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Varina Davis, Jefferson Davis: Ex-President of the Confederate States of America, A Memoir by his Wife, Volume 2 1,039 11 Browse Search
Southern Historical Society Papers, Volume 29. (ed. Reverend J. William Jones) 833 7 Browse Search
Varina Davis, Jefferson Davis: Ex-President of the Confederate States of America, A Memoir by his Wife, Volume 1 656 14 Browse Search
The Annals of the Civil War Written by Leading Participants North and South (ed. Alexander Kelly McClure) 580 0 Browse Search
Alfred Roman, The military operations of General Beauregard in the war between the states, 1861 to 1865 459 3 Browse Search
Hon. J. L. M. Curry , LL.D., William Robertson Garrett , A. M. , Ph.D., Confederate Military History, a library of Confederate States Military History: Volume 1.1, Legal Justification of the South in secession, The South as a factor in the territorial expansion of the United States (ed. Clement Anselm Evans) 435 13 Browse Search
Benson J. Lossing, Pictorial Field Book of the Civil War. Volume 3. 355 1 Browse Search
Edward Alfred Pollard, The lost cause; a new Southern history of the War of the Confederates ... Drawn from official sources and approved by the most distinguished Confederate leaders. 352 2 Browse Search
Harper's Encyclopedia of United States History (ed. Benson Lossing) 333 7 Browse Search
Benson J. Lossing, Pictorial Field Book of the Civil War. Volume 1. 330 2 Browse Search
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Browsing named entities in Charles Congdon, Tribune Essays: Leading Articles Contributing to the New York Tribune from 1857 to 1863. (ed. Horace Greeley). You can also browse the collection for Jefferson Davis or search for Jefferson Davis in all documents.

Your search returned 53 results in 21 document sections:

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Charles Congdon, Tribune Essays: Leading Articles Contributing to the New York Tribune from 1857 to 1863. (ed. Horace Greeley), The Reveries of Reverdy. (search)
in a dark alley. He is solid, we suppose, and sensible, and practical, perhaps, and able. But not a shiner — at least not in a report. Then there was the Hon. Jefferson Davis, who intimated that we Republicans are men of low instinct, Mr. Davis being, we suppose, a man of instinct high, lofty, elevated, sublime, towering, soarMr. Davis being, we suppose, a man of instinct high, lofty, elevated, sublime, towering, soaring and tall. This disrespectful language did so discompose, disarrange and irritate our minds, that we incontinently vowed to read no more of Jefferson Davis, so that we missed all his serene gems and blushing flowers, and were compelled to fall back upon Reverdy. He was, as the young ladies lisp, be-you-tiful. A kind of friskyJefferson Davis, so that we missed all his serene gems and blushing flowers, and were compelled to fall back upon Reverdy. He was, as the young ladies lisp, be-you-tiful. A kind of frisky Dr. Johnson, we should say, stately, but smiling; sesquipedalian, but fascinating; plethoric, but pretty. The epistle of Reverdy to the New Yorkers is good. As we perused his well-padded sentences, we were so solaced by sound that we ceased to look for sense, but suffered ourselves to be borne upon the tide of his eloquence, q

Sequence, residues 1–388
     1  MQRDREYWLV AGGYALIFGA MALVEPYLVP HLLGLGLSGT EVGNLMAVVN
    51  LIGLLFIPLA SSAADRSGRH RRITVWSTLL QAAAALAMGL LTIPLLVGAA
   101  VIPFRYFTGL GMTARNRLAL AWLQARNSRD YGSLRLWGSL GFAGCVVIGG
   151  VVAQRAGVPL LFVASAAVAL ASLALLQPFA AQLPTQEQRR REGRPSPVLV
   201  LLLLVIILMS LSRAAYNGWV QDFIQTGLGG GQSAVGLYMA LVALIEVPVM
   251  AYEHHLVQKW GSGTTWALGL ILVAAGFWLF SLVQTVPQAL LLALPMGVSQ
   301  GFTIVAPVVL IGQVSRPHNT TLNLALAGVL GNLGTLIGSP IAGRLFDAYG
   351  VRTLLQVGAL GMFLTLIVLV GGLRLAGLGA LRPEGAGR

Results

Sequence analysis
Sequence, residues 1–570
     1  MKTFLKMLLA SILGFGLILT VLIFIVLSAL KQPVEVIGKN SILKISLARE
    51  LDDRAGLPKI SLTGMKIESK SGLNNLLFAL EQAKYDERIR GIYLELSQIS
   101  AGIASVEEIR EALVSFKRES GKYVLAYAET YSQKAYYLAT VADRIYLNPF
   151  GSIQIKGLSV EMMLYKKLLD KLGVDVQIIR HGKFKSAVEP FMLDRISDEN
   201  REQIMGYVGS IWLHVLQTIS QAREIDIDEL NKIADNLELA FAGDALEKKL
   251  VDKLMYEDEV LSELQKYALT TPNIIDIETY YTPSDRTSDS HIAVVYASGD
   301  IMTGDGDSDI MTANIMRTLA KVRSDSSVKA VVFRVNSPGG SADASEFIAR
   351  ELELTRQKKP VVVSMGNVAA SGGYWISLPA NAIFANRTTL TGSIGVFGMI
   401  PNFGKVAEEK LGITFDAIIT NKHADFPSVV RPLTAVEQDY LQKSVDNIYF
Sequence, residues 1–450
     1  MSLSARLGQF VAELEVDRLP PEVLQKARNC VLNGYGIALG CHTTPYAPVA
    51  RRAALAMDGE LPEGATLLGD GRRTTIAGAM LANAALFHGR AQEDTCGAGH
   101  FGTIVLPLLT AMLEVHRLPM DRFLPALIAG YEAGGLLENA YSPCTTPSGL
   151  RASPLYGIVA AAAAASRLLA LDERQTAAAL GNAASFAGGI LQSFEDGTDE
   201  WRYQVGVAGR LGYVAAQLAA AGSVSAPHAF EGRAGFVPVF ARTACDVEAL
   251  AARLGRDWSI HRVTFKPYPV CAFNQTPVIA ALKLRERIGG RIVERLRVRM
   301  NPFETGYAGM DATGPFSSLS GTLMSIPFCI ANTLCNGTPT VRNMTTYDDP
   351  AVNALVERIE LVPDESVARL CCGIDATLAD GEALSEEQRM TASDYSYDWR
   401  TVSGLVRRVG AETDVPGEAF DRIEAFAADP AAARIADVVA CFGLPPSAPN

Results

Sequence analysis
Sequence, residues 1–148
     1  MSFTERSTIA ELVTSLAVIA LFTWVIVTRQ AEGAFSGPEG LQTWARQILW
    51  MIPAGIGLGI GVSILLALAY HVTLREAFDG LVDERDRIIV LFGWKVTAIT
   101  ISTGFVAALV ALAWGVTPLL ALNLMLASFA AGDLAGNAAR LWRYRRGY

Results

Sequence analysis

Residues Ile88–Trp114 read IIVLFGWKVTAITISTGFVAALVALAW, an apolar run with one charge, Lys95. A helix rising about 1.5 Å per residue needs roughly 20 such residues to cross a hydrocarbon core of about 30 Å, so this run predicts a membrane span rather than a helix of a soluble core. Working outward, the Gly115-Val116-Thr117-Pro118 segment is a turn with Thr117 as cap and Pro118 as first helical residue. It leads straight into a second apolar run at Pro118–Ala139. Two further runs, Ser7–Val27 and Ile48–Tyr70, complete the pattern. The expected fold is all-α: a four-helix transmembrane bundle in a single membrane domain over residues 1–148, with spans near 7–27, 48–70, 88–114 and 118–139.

Charles Congdon, Tribune Essays: Leading Articles Contributing to the New York Tribune from 1857 to 1863. (ed. Horace Greeley), The Montgomery Muddle — a specimen day. (search)
e drink, and dare die for drink, but who would be very apt to die without drink ; yet we take it for granted that the men of Montgomery are all solid philosophers, who leave liquor to the poets and the common soldiers, and whose sole and sublime amusements are the construction of paper Constitutions, the begetting of bodies politic, the evocation of cash out of chaos, and the general transmogrification of a small slice of the late Union into a Confederacy. The millinery department of Mr. Jefferson Davis's new political concern seems, however, to make the weightiest drafts upon the Southern Congressional intellect. A nation without a flag is no nation at all — hat sublime truth, at least, has dawned upon the Southern Confederated mind. Confederate Curry, of Alabama, the other day brought a bushel of flags, of striped and of starry flags, of white, red and blue flags before the Congress, and exhibited them to the delegates just as that abhorred creature, a Yankee peddler, shows his r
Charles Congdon, Tribune Essays: Leading Articles Contributing to the New York Tribune from 1857 to 1863. (ed. Horace Greeley), Southern Notions of the North. (search)
giving and a competition of munificence. This in time will, we hope, satisfy our quondam brethren in Virginia, South Carolina and other territories of the United States, that we are not so miserably poor as they have been kind enough to suppose. After all we have given to the sacred cause of Law and Order, we have still a dollar or so left; and can even borrow a little should our present stock fail us. But we have hardly touched the popular pocket yet. So the sooner the subjects of Jefferson Davis stop laying that particularly flattering unction to their souls — that silly notion that we are exceedingly poor — the less they will by-and-by be disappointed. Our property is n't fugacious — has n't two legs — does n't run away or get sick and die. Another Southern notion is that the moment we begin to be pinched and bread to grow dear we shall all be under the domination of King Mob and his army of starving artisans. They do not seem to take into account the fact which they wil
Charles Congdon, Tribune Essays: Leading Articles Contributing to the New York Tribune from 1857 to 1863. (ed. Horace Greeley), Alexander the Bouncer. (search)
rave fellows enlisted for the sake of pay, which is about as much per annum as some of them could at their proper avocations make in a month — to say nothing of risk to health and life — nothing of absence from their families? Hirelings, forsooth! When you go to the Confederate treasury to draw your quarter's salary, O Alexander — mind, we do not say that you will get it — pray will you then be a hireling? Mercenaries are those who are retained as serving for pay --as, for example, Jefferson Davis, Alexander H. Stephens and other Confederate notabilities — for pay of some kind they certainly intend to get, either in praise or power or pence. The soldiers of the United States may receive a pittance; but if this sweet squad of Confederate officials are not mercenary, why are our brave militia-men mercenary?--our soldiers extemporised from the field, the factory and every haunt of industry? Answer that question, Alexander! The rapidity with which an Italian buffo-singer can